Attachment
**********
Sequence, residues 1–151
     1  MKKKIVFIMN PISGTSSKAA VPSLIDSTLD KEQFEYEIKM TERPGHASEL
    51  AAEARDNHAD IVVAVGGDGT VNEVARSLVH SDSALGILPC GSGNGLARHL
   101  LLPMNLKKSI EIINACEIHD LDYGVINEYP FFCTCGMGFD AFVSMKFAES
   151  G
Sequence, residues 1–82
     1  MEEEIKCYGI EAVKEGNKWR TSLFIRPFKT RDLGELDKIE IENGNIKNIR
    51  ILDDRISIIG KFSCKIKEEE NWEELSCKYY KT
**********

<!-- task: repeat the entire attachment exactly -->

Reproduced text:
Sequence, residues 1–151
     1  MKKKIVFIMN PISGTSSKAA VPSLIDSTLD KEQFEYEIKM TERPGHASEL
    51  AAEARDNHAD IVVAVGGDGT VNEVARSLVH SDSALGILPC GSGNGLARHL
   101  LLPMNLKKSI EIINACEIHD LDYGVINEYP FFCTCGMGFD AFVSMKFAES
   151  G
Sequence, residues 1–82
     1  MEEEIKCYGI EAVKEGNKWR TSLFIRPFKT RDLGELDKIE IENGNIKNIR
    51  ILDDRISIIG KFSCKIKEEE NWEELSCKYY KT